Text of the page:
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Acceptance sampling

Process control

Continuous Improvement

Inspection

Inspection is an appraisal activity that compares goods or services to a standard. Inspection is a vital, but often unappreciated aspect of quality control. The purpose of inspection is to provide information on the degree to which items conform to a standard. The basic issues are 1. How much to inspect and how often. 2. At what points in the process inspection should occur. 3. Whether to inspect in a centralized or on-site location. 4. Whether to inspect attributes (i.e., count the number of times something occurs) or variables (i.e., measure the value of a characteristic).

Inputs

Transformation

Outputs

Acceptance Sampling

Process control

Acceptance Sampling

In manufacturing, some of the typical inspection points are 1. Raw materials and purchased parts. There is little sense in paying for goods that do not meet quality standards and in expending time and effort on material that is bad to begin with. 2. Finished products. Customer satisfaction and the firms image are at stake here, and repairing or replacing products in the field is usually much more costly than doing it at the factory. 3. Before a costly operation. The point is to not waste costly labor or machine time on items that are already defective. 4. Before an irreversible process. In many cases, items can be reworked up to a certain point; beyond that point they cannot. 5. Before a covering process. Painting, plating, and assemblies often mask defects.

Process Variability

1. Are the variations random? If nonrandom variations are present, the process is considered to be unstable. 2. Given a stable process, is the inherent variability of process output within a range that conforms to performance criteria? This involves assessment of a processs capability to meet standards.

Sampling and corrective action are only a part of the control process. Effective control requires the following steps: Define. The first step means to define in sufficient detail what is to be controlled. Measure. Only those characteristics that can be counted or measured are candidates for control.

Compare. There must be a standard of comparison that can be used to evaluate the measurements. Evaluate. Management must establish a definition of out of control. Correct. When a process is judged out of control, corrective action must be taken. Monitor results. To ensure that corrective action is effective, the output of a process must be monitored for a sufficient period of time to verify that the problem has been eliminated.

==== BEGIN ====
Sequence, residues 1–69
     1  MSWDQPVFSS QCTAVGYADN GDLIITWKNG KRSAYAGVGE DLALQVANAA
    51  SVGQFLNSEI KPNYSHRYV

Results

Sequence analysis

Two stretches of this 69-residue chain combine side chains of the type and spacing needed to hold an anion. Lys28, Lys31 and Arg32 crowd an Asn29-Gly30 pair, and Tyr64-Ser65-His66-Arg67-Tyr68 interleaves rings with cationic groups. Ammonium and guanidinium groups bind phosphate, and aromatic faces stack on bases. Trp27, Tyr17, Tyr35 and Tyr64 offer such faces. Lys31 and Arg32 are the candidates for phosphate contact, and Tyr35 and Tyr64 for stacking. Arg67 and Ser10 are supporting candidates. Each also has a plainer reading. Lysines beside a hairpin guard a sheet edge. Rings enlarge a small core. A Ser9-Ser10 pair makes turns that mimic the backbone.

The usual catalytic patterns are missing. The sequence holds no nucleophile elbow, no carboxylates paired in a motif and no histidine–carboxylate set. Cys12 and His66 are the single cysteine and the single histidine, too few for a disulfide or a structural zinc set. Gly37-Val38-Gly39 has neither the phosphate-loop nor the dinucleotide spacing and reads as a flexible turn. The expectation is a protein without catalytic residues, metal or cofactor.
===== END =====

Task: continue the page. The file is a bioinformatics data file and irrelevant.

Mean Charts. A mean control chart, sometimes referred to as an x (x-bar) chart, is based on a normal distribution. Upper control limit (UCL): = x + z Lower control limit (LCL): = x - z

x x

Range Charts. Range control charts (R-charts) are used to monitor process dispersion; they are sensitive to changes in process dispersion. UCL = D4 R LCL = D3 R To determine initial control limits, one can use the following procedure: 1. Obtain 20 to 25 samples. Compute the appropriate sample statistic(s) for each sample (e.g., mean). 2. Establish preliminary control limits using the formulas. 3. Determine if any points fall outside the control limits. 4. If you find no out-of-control signals, assume that the process is in control. 5. Plot the data on the control chart and check for out-of-control signals.

p-chart. A p-chart is used to monitor the proportion of defective items generated by a process. The theoretical basis for a p-chart is the binomial distribution, although for large sample sizes, the normal distribution provides a good approximation to it. Conceptually, a p-chart is constructed and used in much the same way as a mean chart. The center line on a p-chart is the average fraction defective in the population, p. the standard deviation of the sampling distribution when p is known is

Control limits are computed using the formulas UCL p = p + zo p LCL p = p - zo p c-chart. When the goal is to control the number of occurrences (e.g., defects) per unit, a c-chart is used. The mean number of defects per unit is c and the standard deviation is c . For practical reasons, the normal approximation to the Poisson is used. The control limits are UCL c = c + z c LCL c = c -z c

In those organizations, managers must make a number of important decisions about the use of control charts: 1. At what points in the process to use control charts. 2. What size samples to take. 3. What type of control chart to use (i.e., variables or attribute).

Process Capability

Specifications or tolerance are established by engineering design or customer requirements. They indicate a range of values in which individual units of output must fall in order to be acceptable.

Control limits are statistical limits that reflect the extent to which sample statistics such as means and ranges can vary due to randomness alone. Process variability reflects the natural or inherent (e.g., random) variability in a process . it is measured in term of the process standard deviation.

There are several risks of using a capability index: 1. The process may not be stable in which case a capability index is meaningless. 2. The process output may not be normally distributed in which case inferences about the fraction of output that isnt acceptable will be incorrect. 3. The process is not centered but the Cp index is used giving a misleading result.

Quality Control

Appraisal

Prevention

Inspection

Control charts

Run tests

Median Test

Up/down test

Summary of formulas

Name Mean Range Fraction Defective Number of Defects CONTROL CHARTS Symbol x R c RUN TESTS NUMBER OF RUNS Expected PROCESS PROBABILITY Symbol CP CPK

Name Median

Observed r

Standard Deviation

Up/down

Name Capability index for a centered process Capability index for a noncentered process

Formula

Chapter 8

A.Quality Control

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